How will the UAE generate the power it needs for megaprojects like the forthcoming Dubailand Ski Dome?
Planners in the United Arab Emirates (UAE) have made agreements with Thorium Power toward setting up a national nuclear energy company and independent regulator.
The five-year deals, which come with a $17 million prepayment for the first six months' work, were announced by Thorium Power on 1 August. The US-based firm said it would provide strategic advice on the development and launch of an independent nuclear safety regulator, to be called the Federal Authority for Nuclear Regulation. More advice will be given on the structuring and launch of a company called Emirates Nuclear Energy Corporation (Enec), which will be a vehicle of the Emirate of Abu Dhabi.
Enec will take the role of a 'nuclear energy program implementation office' as recommended by the International Atomic Energy Agency (IAEA), which has been liaising with the UAE as it does with the many other countries interested in nuclear energy.
Thorium Power will recieve $10 million of its prepayment when the deals are signed off by the government of Abu Dhabi, and another $7 million when the two new organisations are up and running. Further payments would come during the remainder of the five year period, Thorium Power told WNN.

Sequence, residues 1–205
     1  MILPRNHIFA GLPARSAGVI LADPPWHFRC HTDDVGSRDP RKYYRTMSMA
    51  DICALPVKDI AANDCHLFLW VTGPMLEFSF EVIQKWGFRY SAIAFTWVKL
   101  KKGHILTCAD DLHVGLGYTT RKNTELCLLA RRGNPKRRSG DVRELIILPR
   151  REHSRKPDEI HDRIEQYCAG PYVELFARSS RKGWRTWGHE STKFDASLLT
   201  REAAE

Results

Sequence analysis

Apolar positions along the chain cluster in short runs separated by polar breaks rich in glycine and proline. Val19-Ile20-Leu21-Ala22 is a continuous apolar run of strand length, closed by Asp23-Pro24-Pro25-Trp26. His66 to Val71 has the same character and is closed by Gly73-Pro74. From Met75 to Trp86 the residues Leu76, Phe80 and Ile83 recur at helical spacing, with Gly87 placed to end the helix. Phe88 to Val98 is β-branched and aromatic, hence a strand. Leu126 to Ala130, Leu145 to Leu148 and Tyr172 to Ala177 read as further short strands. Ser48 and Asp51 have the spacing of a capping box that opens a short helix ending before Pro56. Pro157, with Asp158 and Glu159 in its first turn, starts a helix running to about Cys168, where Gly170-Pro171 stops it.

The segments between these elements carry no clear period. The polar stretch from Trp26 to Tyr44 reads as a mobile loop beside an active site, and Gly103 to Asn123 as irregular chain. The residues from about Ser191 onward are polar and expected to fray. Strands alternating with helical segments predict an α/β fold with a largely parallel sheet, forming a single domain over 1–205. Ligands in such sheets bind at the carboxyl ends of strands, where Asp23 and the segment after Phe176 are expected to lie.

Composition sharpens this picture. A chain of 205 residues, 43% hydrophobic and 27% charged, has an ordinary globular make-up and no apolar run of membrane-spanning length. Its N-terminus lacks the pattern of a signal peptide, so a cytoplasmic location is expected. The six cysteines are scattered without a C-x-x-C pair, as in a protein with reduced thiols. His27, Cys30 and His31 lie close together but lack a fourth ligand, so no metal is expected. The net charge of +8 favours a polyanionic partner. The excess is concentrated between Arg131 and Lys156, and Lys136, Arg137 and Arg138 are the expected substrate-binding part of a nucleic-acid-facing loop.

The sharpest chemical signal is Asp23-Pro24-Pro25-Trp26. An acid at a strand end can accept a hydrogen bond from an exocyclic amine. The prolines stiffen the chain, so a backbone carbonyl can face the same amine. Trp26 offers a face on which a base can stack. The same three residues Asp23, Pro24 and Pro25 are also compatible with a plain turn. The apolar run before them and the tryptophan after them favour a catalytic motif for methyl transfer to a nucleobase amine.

These agreements come after Thorium Power helped the UAE develop its overall strategy for the introduction of nuclear energy. The company is best known for its efforts to license thorium-based light-water reactor fuel for wider use, but chief operating officer Erik Hallstrom said: "Our consulting business gives us the oportunity to generate revenue early in the nuclear renaissance while simultaneously pursuing longer-term upside from our technology licensing business."
Thorium Power's consultancy work helped the UAE to develop the white paper on nuclear power it published in April this year.
Predictions in the white paper showed electricity demand growing from around 15 GWe today to almost 41 GWe in 2020 - a growth rate of about 7% per year. The country plans to use nuclear energy to meet part of this demand, as well as to meet needs in industrial processes such as desalinating seawater. A partnership agreement already exists between nuclear technology provider Areva and the oil firms Total and Suez to build a power and desalination plant based on two 1600 MWe Areva EPR units in the UAE.